Political songs concert showcases 420 years of protest music
21 September 2022
On Friday 23 September, protest songs written between 1600 and 2020 will be showcased at Cecil Sharp House, in London. Featured songs – performed by The Carnival Band – include themes such as inequality, suffrage, and nuclear weapons. There will also be an exhibition displaying more information about the English protest song, and context and analysis of individual songs.
Professor Matthew Worley, University of Reading, said: “From 17th century songs about religion, war, poverty, and even environmental risks, right through to the work of Peggy Seeger, Billy Bragg, Kae Tempest and Dave, England’s tradition of political song persists.
“Recent songs about Amazon’s working conditions, the Grenfell Tower fire, Brexit, and police brutality show us that there is still power in musical protest.”
Songs objecting to vaccinations, lamenting environmental change and complaining about politicians didn’t originate in the last decade – or even the last century.
Protest song is often said to have been born in the United States in the 1940s–50s, to have flourished in the ’60s and ’70s, and to have faded into obscurity in recent years. But this project shows that its origins go back more than 400 years to complaints King James was selling honours.
‘Our Subversive Voice’, a project led by UEA (the University of East Anglia) and involving the universities of Reading and Warwick, is funded by the Arts and Humanities Research Council.
750 English protest songs, from 1600–2020, have been catalogued. These feature in a website, www.oursubversivevoice.com, which includes the 250 most distinctive songs along with case studies and interviews with musicians (Billy Bragg, Peggy Seeger, Chumbawamba and more), academics and others.
Selecting the title of any song on the website leads to its individual page, which includes information such as the lyrics and, where possible, a recording. Case studies look at everything from what motivates writers of protest songs – structurally, socially and personally – to legendary venues and women’s protest song writing.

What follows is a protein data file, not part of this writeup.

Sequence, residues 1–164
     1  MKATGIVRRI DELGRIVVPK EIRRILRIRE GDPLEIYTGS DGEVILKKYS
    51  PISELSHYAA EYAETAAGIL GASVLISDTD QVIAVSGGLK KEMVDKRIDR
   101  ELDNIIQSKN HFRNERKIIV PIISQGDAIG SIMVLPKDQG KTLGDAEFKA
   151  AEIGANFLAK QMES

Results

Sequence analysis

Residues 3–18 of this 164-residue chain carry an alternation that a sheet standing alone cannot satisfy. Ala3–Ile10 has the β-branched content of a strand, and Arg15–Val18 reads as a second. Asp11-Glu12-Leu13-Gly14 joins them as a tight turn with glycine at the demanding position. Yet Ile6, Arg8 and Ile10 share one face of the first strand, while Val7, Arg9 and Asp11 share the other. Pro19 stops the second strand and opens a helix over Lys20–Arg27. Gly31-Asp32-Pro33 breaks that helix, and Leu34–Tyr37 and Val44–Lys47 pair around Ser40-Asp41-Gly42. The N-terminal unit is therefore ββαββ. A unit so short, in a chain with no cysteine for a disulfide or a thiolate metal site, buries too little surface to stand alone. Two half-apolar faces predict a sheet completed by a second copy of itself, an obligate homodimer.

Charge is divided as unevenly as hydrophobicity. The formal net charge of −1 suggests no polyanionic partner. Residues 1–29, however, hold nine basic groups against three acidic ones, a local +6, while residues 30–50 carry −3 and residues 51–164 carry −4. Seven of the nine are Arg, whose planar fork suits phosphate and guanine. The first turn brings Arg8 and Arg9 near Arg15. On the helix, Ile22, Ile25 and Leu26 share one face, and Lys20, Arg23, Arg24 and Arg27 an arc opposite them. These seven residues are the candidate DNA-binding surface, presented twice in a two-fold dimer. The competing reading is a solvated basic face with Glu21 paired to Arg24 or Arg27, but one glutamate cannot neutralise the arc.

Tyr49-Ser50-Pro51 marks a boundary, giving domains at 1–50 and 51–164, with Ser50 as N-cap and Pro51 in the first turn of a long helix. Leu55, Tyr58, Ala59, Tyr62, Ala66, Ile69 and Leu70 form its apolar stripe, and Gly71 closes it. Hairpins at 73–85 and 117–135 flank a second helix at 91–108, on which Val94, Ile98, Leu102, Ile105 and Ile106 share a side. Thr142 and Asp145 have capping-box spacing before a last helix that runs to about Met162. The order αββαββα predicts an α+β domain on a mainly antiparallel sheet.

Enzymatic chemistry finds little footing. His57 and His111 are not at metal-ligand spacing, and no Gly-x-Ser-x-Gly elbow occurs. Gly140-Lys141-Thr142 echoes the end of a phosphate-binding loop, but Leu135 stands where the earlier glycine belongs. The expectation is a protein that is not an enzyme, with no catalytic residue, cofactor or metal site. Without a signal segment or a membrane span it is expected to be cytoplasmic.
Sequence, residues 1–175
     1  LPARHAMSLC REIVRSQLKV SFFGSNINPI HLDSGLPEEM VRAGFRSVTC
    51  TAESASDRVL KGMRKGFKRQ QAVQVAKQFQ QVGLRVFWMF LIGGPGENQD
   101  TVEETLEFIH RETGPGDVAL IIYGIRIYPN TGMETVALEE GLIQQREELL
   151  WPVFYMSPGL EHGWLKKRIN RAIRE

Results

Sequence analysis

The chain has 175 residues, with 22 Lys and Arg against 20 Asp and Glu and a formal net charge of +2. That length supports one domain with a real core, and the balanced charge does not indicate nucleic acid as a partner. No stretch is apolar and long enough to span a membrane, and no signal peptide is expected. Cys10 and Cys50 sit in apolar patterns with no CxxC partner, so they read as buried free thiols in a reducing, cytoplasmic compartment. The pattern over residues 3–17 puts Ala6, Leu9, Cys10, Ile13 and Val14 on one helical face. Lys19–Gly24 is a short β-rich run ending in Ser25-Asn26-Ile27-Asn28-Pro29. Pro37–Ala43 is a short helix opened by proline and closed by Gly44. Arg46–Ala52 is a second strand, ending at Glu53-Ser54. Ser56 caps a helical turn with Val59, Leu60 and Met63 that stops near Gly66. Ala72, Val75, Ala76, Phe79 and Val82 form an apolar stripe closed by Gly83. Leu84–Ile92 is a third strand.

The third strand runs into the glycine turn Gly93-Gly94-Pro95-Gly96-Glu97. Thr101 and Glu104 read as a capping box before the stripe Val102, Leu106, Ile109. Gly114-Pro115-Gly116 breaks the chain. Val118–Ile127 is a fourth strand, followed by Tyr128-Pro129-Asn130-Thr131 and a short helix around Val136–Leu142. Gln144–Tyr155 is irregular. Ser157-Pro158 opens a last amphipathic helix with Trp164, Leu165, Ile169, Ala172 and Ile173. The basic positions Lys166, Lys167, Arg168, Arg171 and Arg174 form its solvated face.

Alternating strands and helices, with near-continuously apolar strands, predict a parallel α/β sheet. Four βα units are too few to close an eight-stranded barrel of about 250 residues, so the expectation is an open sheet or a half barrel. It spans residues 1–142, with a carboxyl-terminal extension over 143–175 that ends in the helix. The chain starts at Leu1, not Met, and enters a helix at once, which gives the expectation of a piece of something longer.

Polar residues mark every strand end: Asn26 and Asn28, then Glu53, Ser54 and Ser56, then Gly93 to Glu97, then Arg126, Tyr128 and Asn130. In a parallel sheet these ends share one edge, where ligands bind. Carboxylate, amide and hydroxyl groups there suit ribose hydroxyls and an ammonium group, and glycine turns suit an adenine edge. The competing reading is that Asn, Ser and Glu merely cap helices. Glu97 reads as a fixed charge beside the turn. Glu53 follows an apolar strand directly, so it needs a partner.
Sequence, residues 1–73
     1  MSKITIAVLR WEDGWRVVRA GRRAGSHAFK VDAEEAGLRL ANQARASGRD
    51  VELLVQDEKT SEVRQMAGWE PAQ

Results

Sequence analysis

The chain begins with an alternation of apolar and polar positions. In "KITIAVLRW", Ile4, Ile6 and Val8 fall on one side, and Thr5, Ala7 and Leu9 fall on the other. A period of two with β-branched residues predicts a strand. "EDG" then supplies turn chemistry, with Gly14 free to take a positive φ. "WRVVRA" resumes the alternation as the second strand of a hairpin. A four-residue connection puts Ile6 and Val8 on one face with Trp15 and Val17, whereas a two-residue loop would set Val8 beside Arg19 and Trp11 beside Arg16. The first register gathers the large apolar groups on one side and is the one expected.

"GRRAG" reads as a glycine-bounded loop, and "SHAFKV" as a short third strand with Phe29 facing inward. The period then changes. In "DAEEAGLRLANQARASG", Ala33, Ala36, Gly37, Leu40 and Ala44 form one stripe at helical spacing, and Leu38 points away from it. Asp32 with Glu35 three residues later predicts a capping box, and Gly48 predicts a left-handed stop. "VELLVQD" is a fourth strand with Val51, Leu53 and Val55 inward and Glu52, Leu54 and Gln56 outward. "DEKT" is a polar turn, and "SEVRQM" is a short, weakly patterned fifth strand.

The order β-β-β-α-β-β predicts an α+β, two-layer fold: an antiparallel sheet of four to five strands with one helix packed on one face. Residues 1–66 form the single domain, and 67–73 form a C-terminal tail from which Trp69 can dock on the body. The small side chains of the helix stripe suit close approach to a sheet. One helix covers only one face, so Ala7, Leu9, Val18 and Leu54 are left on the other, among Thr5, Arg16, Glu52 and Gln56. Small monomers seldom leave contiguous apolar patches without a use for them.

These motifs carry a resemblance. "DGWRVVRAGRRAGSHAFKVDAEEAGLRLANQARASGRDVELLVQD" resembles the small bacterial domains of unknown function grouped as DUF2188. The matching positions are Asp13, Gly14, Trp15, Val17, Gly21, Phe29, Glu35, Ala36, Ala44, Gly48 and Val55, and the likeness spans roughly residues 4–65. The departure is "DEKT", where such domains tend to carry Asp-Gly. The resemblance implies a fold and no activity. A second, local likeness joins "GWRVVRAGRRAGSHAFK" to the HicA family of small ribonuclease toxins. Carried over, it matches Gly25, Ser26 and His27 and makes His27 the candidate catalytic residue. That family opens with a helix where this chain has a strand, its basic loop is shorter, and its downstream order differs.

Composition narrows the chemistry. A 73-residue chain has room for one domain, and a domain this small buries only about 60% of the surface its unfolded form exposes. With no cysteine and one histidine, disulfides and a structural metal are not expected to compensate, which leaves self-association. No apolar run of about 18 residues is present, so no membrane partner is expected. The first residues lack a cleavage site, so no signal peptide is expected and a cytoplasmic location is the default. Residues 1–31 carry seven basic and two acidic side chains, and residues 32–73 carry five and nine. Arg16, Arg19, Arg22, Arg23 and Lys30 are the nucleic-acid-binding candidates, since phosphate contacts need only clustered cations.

UEA’s Prof John Street, the project’s lead researcher, said: “When people think of protest songs they probably think first of American music, and then perhaps of the great tradition of Irish or Scottish protest songs. We wanted to find out what things would look like – and sound like – if you focus just on England, especially given the current attention given to ideas of Englishness.”
Songs opposing vaccination were heard in the 1800s, just as they have been in the last three years (Van Morrison’s No More Lockdown). From 17th century ballads lamenting beer price hikes and excessive spending on ‘starched ruffs’, to passionate contemporary performances, ‘Our Subversive Voice’ covers the spectrum.
There are surprises in what the list includes – and excludes. In are Rule Britannia, God Save the King, and Jerusalem, and Edith Nesbit, Noël Coward, Benjamin Britten and Joan Armatrading, keeping company with Sault, Dave and Kae Tempest. Out are some of punk’s songs and singers.
UEA Senior Research Associate Oskar Cox Jensen said Our Subversive Voice has uncovered “songs that are prejudiced – anti-Semitic, xenophobic, fascist – or politically reactionary. But these are actually astonishingly rare.
“We found that the real revelation was the rich influence of other traditions – from the Black Atlantic to French communists, and migrants from right across the Commonwealth. Across the centuries, we hear people fighting to give voice to an Englishness that is proudly diverse, progressive and subversive.”
Co-investigator Dr Angela McShane of the University of Warwick said: “Although the purposes of making protest songs might have been similar over the centuries, the stakes were very different for those that wrote and sang them. In earlier centuries performers and publishers were imprisoned, and one singer-songwriter was executed for sedition, while in later periods, fortunes could be made from protest songs that became popular.”
With the London event celebrating 420 years of English protest music, Prof Alan Finlayson, of UEA, said: “What could be more appropriate as we head into what is sure to be an economically challenging and politically fraught winter when discontent might turn into protest?”
For more information on the project, visit: www.oursubversivevoice.com. To find out about the concert, exhibition or other events, check the project’s Twitter account: @subversivesong
Tickets for the concert are free but must be booked in advance: https://www.efdss.org/whats-on/26-gigs/11248-the-carnival-band